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The traditional approach to Hispanic shopper marketing has been turned on its head as the demographic has taken on the role of a “new majority” within the United States. Similarly, the rise of data analytics has created an unprecedented number of ways to target. As Hispanics have continued to over-index in almost every category, it has never been more important to reach this varied consumer base.

We spoke to Sandra Alvidrez, Director of Sales for Hoy Los Angeles at the Los Angeles Times Media Group, and a selection of the team at media and communications agency Butler/Till: Mike Davis, Director of Digital Media, Jill Curry, Associate Media Director for Direct Response, George Heisenberger, Senior Agent for Experience Management, and Carrie Riby, Strategic Planning Director, to get a better grasp on what effective Hispanic shopper marketing looks like today.

The Data Transformation

Data, both “big” and “small,” has turned Hispanic shopper marketing into a multi-layered practice in analytics and segmentation. The trials and tribulations of targeting this huge demographic are something that both agency Butler/Till and the Los Angeles Times Media Group know well: the former counts major Auto Insurance, Telecom and Financial companies and institutions among its clients, and the latter manages a portfolio that includes The Los Angeles Times, Hoy and six Times Community Newspapers across California.

The team at Butler/Till
The team at Butler/Till

Butler/Till’s Director of Digital Media Mike Davis summed it up: “There’s so much data out there that it’s provided an unprecedented number of ways to target.” Director of Sales at Hoy Sandra Alvidrez echoed that sentiment, arguing that thanks to data, “targeting to Latinos is limitless and has evolved into a science of sorts, all due to advancement of analytics.”

Before, Davis admitted, targeting efforts were often informed by “an educated guess” and census data, now replaced by geographic data, demographics, behavioral psychographics and first-party data. Alvidrez added that data has also “contributed to the development of new media placement offerings for marketers to take advantage of,” opening up a whole new avenue for brands looking to micro target Hispanics.

Brands and marketers need to dig deeper and reach Latinos at a granular level.

More than anything, data has revealed just how complex Hispanics are, and that marketers need to “dig deeper and reach Latinos at a granular level.” With data, brands have no excuse not to incorporate complex, varying layers of targeting into their marketing strategies, and making the effort to segment audiences into their sub-groups “allows us to be much more efficient, from a digital perspective, in targeting and optimizing,” Butler Till’s Senior Agent for Experience Management George Heisenberger said.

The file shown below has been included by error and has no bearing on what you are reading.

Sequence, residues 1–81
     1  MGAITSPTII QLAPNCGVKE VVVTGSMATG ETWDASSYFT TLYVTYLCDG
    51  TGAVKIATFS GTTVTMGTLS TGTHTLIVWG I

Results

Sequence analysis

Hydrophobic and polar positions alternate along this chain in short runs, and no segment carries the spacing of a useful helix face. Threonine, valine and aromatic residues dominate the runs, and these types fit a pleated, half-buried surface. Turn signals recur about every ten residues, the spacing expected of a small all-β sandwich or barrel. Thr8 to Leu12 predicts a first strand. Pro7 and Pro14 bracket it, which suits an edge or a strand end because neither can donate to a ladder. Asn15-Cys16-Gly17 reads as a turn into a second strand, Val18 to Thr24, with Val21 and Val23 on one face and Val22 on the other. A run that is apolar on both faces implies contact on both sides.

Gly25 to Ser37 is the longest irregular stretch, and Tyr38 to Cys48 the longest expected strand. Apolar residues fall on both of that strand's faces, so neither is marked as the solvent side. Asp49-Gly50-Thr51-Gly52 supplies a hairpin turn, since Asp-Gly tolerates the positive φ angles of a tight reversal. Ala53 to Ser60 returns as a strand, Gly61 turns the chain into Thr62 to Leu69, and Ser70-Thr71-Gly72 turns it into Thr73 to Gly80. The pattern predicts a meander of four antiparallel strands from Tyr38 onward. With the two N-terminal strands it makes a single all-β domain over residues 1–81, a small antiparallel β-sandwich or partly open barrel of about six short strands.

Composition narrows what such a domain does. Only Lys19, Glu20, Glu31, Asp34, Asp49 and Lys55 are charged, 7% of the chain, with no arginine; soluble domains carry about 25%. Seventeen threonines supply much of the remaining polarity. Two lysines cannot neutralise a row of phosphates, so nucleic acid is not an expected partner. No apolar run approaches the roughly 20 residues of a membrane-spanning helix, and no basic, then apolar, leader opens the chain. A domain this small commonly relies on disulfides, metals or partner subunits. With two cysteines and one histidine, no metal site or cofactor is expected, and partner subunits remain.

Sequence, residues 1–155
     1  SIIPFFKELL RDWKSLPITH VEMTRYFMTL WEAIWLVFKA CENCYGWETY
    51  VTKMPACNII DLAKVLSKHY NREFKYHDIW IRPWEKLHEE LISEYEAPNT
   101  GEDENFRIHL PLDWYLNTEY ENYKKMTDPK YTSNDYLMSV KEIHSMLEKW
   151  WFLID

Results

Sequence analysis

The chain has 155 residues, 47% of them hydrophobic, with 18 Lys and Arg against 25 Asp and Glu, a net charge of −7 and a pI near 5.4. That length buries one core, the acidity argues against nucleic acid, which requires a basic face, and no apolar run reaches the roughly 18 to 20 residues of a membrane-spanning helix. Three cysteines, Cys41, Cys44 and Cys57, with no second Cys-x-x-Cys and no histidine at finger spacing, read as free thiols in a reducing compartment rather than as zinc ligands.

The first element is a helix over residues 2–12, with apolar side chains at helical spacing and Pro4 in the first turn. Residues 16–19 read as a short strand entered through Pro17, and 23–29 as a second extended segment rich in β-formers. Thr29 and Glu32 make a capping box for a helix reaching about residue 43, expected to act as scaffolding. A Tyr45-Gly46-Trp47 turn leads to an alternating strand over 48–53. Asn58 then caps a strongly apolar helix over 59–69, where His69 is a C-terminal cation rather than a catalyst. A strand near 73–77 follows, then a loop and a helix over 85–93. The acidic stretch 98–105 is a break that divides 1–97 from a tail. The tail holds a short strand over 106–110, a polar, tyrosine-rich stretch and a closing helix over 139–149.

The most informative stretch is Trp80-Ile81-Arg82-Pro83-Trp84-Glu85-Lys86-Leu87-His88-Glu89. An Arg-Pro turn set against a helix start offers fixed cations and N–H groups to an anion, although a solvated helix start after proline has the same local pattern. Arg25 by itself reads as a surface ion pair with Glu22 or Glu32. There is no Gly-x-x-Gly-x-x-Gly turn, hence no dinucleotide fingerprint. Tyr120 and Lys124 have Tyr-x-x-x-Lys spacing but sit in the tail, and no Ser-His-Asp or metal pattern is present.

The key to success in Hispanic shopper marketing is participating in “multiple conversations with multiple Latino consumers groups,” Alvidrez explained. In the case of print media publishers like the Los Angeles Times Media Group, Alvidrez highlights that data allows them to “deliver advertisers the option to target Latino households solely around their brick and mortar locations or specific geographic areas, down to the zip code or give them a broad reach of strong Hispanic areas through-out Southern California, to the border towns of Mexico, Tijuana and Mexicali – where many residents enter the U.S. for the primary purpose of shopping.”

Data Is Black and White, but People Are Not

But there are limitations to data. Jill Curry, Associate Media Director for Direct Response at Butler/Till pointed out that “data tends to be very black and white. People are not.” While data can be “used directionally to figure out where to start with the campaign, you need to add insights by continually testing on creative, segments, to make sure that data holds true, and that if there are changes, those tests will catch everything and give the client the response level they want.”

 While data has generated a more nuanced view of today’s Hispanics, certain trends, like mobile and coupon use, and the effectiveness of free standing inserts, hold strong.

When data works, it’s almost like magic. But when it doesn’t, or when it leads to messaging or an offering that people don’t respond to as hoped, it won’t tell you why it misled you. “It’s not going to tell you everything you need to know,” said Curry.

The New Challenge: Engaging English-Dominant and Bilingual Hispanics

One of the segments within Hispanic consumers that data has made more accessible is the English-dominant/bilingual shopper. Spanish-dominant Hispanics are a different animal than the younger, English-dominant or bilingual crowd, and finding ways to engage them as a unique demographic has been an important challenge for the industry.

Alvidrez explained: “English-dominant Latinos were thought to be automatically reached via general market campaigns. The criteria of gender, age, fluency in English, bilingual, bicultural, immigrant or native born – was out of reach for many traditional media companies and marketers.”

Sandra Alvidrez, Director of National Sales, Hoy
Sandra Alvidrez, Director of National Sales, Hoy

Alvidrez asserted that the industry must meet the challenge to “continue to explore ideas and concepts that reach this elusive consumer in meaningful ways.”

Example A: Four years ago, Hoy crafted a creative strategy: reaching Spanish-dominant consumers with its core products, and English-dominant Hispanics with its sister-general market properties. But the challenge was reaching that bicultural and bilingual Latino that fit into neither of those categories. After researching, Hoy launched the Latinos de Hoy Awards and Gala, their annual celebration of Latino culture and community.